Improvements underway at Foster-Powell's Laurelwood Park
If you're driving on S.E. Foster Road in the Foster-Powell neighborhood, you might easily miss Laurelwood Park. It's a wedge-shaped Portland Parks & Recreation (PP&R) property just east of Foster's complex intersection at Holgate Boulevard and 62nd.
Eight years ago, during the 2013 Master Plan process, a collaboration between PP&R and "Foster Eco-Green", the Laurelwood Park community chose a design concept centered around a new "plaza" to be installed along Holgate Boulevard, among many other amenities for the park.
This year, those plans will finally be turned into improvements for the small park.
"Pathways will extend from the plaza to provide connections to Foster Road and the adjacent property to the east," outlined PP&R Community Engagement Coordinator Ken Rumbaugh. "This will create two lawn areas, and individual planting areas, as well as an area for an art installation."
Laurelwood Park is not large, but Rumbaugh said, "This park, albeit relatively small in size, will be a 'signature public space' at the confluence of Foster Road and Holgate Boulevard; and, it will also be a centerpiece for the continued PBOT 'Foster Transportation and Streetscape Project' development along the Foster corridor."
In February, construction crews fenced off the park for safety, as crews moved in to remove dead or dying trees, and to begin preparing for the park's makeover, which will continue throughout the summer months.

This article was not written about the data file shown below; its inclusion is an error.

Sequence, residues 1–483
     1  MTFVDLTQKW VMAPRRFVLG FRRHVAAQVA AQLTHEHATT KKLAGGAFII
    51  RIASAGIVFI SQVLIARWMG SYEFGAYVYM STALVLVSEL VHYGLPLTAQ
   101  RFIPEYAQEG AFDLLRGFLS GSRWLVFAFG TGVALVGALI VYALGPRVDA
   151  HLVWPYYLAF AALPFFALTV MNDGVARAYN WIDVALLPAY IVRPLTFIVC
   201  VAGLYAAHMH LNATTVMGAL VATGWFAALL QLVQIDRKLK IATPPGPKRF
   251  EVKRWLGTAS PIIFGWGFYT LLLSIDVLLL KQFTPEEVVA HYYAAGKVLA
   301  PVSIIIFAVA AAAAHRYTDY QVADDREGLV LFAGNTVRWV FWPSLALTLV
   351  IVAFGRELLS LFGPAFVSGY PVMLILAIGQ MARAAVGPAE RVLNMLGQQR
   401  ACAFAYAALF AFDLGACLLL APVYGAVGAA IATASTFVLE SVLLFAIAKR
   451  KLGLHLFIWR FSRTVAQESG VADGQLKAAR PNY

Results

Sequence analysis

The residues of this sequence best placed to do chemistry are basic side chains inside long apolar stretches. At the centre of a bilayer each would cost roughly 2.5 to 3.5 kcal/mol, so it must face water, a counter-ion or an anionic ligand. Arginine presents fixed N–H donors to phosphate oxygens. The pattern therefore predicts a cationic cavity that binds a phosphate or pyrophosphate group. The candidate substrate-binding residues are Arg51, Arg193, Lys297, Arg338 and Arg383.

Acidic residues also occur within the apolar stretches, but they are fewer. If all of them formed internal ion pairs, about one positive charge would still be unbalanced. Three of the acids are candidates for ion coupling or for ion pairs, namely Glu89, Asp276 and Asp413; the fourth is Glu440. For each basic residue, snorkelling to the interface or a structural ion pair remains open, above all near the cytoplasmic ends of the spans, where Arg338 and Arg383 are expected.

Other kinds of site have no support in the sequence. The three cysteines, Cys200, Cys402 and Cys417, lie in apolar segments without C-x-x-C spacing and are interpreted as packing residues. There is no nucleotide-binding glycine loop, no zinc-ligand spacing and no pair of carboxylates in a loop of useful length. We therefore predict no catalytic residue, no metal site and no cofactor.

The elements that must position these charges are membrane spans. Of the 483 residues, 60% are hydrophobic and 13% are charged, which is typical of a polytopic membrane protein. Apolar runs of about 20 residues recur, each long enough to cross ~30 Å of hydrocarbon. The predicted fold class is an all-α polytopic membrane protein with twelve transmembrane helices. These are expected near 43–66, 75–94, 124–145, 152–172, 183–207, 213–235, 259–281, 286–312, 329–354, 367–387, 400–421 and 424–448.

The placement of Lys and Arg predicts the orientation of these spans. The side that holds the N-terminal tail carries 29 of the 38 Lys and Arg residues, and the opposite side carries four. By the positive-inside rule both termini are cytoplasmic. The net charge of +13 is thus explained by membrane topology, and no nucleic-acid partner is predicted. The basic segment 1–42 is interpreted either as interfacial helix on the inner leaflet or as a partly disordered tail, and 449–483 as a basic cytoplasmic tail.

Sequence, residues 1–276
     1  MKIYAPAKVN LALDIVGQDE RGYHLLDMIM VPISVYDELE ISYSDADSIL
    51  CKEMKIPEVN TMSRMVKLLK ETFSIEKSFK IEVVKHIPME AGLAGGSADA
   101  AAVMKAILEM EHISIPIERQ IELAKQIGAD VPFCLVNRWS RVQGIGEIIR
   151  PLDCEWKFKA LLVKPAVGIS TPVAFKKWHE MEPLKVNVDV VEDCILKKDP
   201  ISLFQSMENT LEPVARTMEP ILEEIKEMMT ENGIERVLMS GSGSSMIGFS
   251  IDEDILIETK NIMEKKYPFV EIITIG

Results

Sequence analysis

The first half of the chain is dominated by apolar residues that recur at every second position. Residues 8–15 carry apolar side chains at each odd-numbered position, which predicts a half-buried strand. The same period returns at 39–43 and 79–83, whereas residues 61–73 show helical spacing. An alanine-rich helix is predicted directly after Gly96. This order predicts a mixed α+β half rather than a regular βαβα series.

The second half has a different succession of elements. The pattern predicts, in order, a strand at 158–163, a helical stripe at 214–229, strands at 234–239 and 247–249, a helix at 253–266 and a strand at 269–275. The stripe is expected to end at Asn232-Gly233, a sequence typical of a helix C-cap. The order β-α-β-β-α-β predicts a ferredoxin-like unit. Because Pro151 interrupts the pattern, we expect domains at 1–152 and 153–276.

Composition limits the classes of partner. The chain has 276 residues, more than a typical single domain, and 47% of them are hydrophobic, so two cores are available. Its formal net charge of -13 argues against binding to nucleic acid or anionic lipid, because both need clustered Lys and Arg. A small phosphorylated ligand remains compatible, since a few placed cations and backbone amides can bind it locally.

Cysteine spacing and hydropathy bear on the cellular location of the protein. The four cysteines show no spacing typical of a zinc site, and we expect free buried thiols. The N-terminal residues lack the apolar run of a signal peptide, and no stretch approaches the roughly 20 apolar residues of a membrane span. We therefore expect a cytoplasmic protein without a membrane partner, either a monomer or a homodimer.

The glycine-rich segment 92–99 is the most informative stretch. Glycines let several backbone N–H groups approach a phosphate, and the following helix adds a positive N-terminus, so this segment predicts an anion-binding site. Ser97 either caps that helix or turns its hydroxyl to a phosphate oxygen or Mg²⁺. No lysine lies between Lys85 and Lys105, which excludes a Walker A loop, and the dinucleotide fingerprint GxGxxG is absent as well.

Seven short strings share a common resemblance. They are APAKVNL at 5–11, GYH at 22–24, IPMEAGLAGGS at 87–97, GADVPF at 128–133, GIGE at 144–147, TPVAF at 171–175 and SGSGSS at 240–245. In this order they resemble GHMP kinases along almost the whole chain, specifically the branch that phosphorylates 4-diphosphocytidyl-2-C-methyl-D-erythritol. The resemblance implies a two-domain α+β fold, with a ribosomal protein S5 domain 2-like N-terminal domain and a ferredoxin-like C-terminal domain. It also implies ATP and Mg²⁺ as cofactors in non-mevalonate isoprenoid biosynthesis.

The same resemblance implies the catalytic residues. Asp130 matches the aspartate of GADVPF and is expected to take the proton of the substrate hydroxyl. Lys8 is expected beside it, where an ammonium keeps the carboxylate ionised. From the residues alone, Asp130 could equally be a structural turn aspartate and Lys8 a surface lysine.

"Signature spaces such as Laurelwood Park will be even more important, given all that COVID-19 has taught us," Rumbaugh reflected. "As COVID restrictions relax, we know that Portlanders will be looking to Portland's parks as a safe place to socialize with friends and family.
"And, this 'new' park will provide a wonderful destination, along the busy Foster Road Neighborhood Business District."
When the upgrade is completed, the park will be "a new and welcoming green space in East Portland where neighbors can gather to reflect, to relax, and to play," envisioned Rumbaugh. "We hope it brings smiles to many people's faces."
In a sense, this project is a legacy of the late Portland City Commissioner Nick Fish – who, in June of 2019, in one of his last acts in public office, allocated $1.4 million from System Development Charges to turn these plans for Laurelwood Park into a reality.
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